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‘Life on a String’ Los Angeles Public Library’s signature legacy collection

The story of the Yale Puppeteers and their Turnabout Theatre was quintessentially a part of LA’s story, its people, and its legacy



The Turnabout Theatre in 1942 from the collection of the Los Angeles Public Library

LOS ANGELES – The voice was almost giddy, “they kept everything!” That ‘everything’ is the Los Angeles Public Library’s famed ‘Yale Puppeteers and Turnabout Theatre collection’ and the voice belonged to the library’s Christina Rice, senior librarian for its amazing photo collections. The story of the Yale Puppeteers and The Turnabout Theatre covers nearly 70 years of a unique personal and professional relationship and the incredible 15 year tenure of a landmark LA theatre.

Driving by 716 North La Cienega Boulevard in today’s modern day West Hollywood, one would hardly notice the non-descript off white building with a black iron gate in the centre leading to an inner courtyard.

Handmade model of The Turnabout Theatre from the collection of the Los Angeles Public Library

But from 1941 until 1956, the Hollywood elite, dignitaries from every field of endeavor as well as the general public would flow through that gate after stepping out of limousines, taxi cabs, and private cars into that inner courtyard.

They were congregating to attend a unique theatrical performance comprised of magical puppeteering on one stage after which there was an intermission where they’d make their way back into the courtyard for refreshments and then they would return. However, they would flip the seatbacks of repurposed former streetcar seats to face the second stage at the opposite end of the theatre for a musical revue and hence the reason for the venue’s unique name- The Turnabout Theatre.

From the collection of the Los Angeles Public Library

The theatre and its three founders alongside a cast and crew which considered themselves family, won international acclaim with their beloved productions, music, comedy, and atmosphere created in that very special venue.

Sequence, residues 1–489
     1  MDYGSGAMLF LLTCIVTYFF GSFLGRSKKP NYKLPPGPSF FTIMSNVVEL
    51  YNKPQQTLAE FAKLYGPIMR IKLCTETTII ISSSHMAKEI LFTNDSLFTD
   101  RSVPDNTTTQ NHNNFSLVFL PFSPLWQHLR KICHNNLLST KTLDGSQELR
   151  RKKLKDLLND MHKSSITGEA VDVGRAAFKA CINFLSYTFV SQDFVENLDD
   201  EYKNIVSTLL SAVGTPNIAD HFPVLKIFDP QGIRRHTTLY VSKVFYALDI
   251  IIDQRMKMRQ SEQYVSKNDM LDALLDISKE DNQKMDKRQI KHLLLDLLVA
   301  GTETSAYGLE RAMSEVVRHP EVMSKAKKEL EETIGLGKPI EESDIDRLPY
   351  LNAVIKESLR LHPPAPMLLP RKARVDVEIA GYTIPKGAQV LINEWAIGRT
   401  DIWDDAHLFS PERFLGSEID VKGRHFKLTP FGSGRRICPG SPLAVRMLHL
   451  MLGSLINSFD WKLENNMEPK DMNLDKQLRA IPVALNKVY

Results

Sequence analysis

The story though had its beginnings in the 1920’s when Harry Burnett and Forman Brown, Brandon would form an enduring partnership in college, first at the University of Michigan and then later at Yale University where the duo were joined Richard ‘Roddy’ and the moniker of ‘The Yale Puppeteers’ was born.

In an interview with the Blade, John F. Szabo, City Librarian of the Los Angeles Public Library remarked that the story of the Yale Puppeteers and their Turnabout Theatre was quintessentially a part of LA’s story, its people, and its legacy. “The collection reflects LA’s place central to entertainment and film, it marks the history in the city that was hidden or not known- but it also is very much a part of LA’s LGBTQ history and legacy,” Szabo said.

Forman Brown and Richard ‘Roddy’ Brandon were lovers and partners during a time when being openly gay simply wasn’t possible and in fact exposure could have serious ramifications including imprisonment as homosexuality was illegal. It wasn’t that the three men necessarily hid their orientation, it was more that knowledge of it was not generally known outside of certain circles of those who knew them well. Harry Burnett was himself also gay.

That legacy Szabo felt is the essence of LA and is a valued part of the library’s ongoing efforts to share with the public in the current exhibition ‘Life on a string, the Yale Puppeteers and the Turnabout Theatre’ currently housed at the Central Library, Getty Gallery.